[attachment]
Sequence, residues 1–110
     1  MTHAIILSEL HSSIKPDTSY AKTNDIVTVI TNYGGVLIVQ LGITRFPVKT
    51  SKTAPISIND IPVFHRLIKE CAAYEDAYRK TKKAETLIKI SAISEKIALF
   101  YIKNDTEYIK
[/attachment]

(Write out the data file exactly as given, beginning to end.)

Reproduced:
Sequence, residues 1–110
     1  MTHAIILSEL HSSIKPDTSY AKTNDIVTVI TNYGGVLIVQ LGITRFPVKT
    51  SKTAPISIND IPVFHRLIKE CAAYEDAYRK TKKAETLIKI SAISEKIALF
   101  YIKNDTEYIK